Spatial interpolation is frequently used to predict values across a landscape enabling the spatial variation and patterns of a property to be quantified. Inverse distance weighting (IDW), ordinary kriging (OK), regression kriging (RK), and partial least squares (PLS) regression are interpolation techniques typically used where the region of interest's spatial extent is relatively small and observations are numerous and regularly spaced. In the current era of data ‘mining’ and utilisation of sparse data, the above criteria are not always fully met, increasing model uncertainties. Furthermore, regression modelling and kriging techniques require good judgement, experience, and expertise by the practitioner compared with IDW with its more rudimentary approach. In this study we compared spatial predictions derived from IDW, PLS, RK, and OK for Pinus radiata volume mean annual increment (referred to as 300 Index) and mean top height at age twenty (referred to as Site Index) across New Zealand using cross-validation techniques. Validation statistics (RMSE, ME, and R2) show that RK, OK, and IDW provided predictions that were less biased and of greater accuracy than PLS predictions. Standard deviation of rank (SDR) and mean rank (MR) validation statistics showed similar results with OK the most consistent (SDR) predictor, whereas RK had the lowest mean rank (MR), closely followed by IDW. However, the mean performance rankings for validation observations classified according to their distance to the nearest model data point indicate that although PLS provided the poorest predictions at relatively close separation distances (<2 km), in the medium range ( 4–8 km) performance was of similar ranking to that of the other techniques, and at greater separation distances PLS outperformed the other techniques. Maps illustrating the spatial variation of P. radiata forest productivity are provided.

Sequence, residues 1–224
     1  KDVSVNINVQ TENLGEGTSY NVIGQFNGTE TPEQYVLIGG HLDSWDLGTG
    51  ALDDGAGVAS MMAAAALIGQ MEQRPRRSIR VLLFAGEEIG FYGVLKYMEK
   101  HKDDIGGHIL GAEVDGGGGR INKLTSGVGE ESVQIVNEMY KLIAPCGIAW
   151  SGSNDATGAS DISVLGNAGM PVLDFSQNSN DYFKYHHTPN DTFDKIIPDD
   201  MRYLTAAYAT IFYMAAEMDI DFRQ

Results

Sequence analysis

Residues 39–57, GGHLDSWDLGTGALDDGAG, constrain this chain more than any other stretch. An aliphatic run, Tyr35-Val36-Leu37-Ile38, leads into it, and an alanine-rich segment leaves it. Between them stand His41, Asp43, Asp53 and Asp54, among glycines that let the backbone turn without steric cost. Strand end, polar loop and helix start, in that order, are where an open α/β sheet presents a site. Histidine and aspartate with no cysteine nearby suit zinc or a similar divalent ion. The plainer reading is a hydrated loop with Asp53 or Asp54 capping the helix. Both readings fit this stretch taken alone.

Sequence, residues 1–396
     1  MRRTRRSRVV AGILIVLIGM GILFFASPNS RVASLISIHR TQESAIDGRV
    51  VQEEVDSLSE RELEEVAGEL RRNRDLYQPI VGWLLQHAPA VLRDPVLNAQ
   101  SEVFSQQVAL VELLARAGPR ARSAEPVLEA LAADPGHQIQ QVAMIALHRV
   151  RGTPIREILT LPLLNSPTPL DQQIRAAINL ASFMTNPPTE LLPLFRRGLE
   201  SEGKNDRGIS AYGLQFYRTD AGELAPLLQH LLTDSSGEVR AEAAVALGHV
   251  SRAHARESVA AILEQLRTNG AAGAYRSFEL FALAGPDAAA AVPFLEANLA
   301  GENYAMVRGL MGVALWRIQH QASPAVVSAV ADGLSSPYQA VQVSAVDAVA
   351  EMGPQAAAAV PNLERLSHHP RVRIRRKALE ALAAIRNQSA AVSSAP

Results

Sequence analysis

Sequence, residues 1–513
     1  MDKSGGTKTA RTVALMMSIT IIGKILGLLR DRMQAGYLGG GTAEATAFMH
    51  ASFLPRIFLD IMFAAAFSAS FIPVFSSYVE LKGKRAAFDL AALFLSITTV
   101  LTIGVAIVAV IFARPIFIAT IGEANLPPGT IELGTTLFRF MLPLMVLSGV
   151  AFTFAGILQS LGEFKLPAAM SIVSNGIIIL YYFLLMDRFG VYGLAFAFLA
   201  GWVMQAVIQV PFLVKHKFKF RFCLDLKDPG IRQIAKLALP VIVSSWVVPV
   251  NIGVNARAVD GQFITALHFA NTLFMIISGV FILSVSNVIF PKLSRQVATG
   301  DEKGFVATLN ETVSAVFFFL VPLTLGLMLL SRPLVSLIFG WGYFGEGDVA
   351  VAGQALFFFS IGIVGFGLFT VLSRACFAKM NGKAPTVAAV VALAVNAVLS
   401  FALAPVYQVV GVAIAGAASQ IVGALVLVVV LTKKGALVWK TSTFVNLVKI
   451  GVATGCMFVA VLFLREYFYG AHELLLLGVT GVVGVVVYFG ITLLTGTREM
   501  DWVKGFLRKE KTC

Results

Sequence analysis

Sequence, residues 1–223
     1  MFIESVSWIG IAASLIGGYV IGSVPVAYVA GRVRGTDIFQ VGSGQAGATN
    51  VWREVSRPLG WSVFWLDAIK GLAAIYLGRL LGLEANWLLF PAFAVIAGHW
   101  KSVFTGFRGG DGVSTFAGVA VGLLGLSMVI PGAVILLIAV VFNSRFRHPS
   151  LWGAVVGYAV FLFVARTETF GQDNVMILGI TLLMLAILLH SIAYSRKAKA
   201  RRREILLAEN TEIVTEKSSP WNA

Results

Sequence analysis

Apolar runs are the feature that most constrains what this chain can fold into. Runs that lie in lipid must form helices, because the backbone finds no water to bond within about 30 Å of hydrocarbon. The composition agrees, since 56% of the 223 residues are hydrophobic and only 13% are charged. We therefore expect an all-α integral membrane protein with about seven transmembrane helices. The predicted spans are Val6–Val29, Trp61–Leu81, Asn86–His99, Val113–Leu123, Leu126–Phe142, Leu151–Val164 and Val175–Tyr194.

View record details
  • Stratigraphy and chronology of a 15ka sequence of multi-sourced silicic tephras in a montane peat bog, eastern North Island, New Zealand.

    Lowe, David J.; Newnham, Rewi M.; Ward, Chris M. (1999-12-01)

    Journal article
    University of Waikato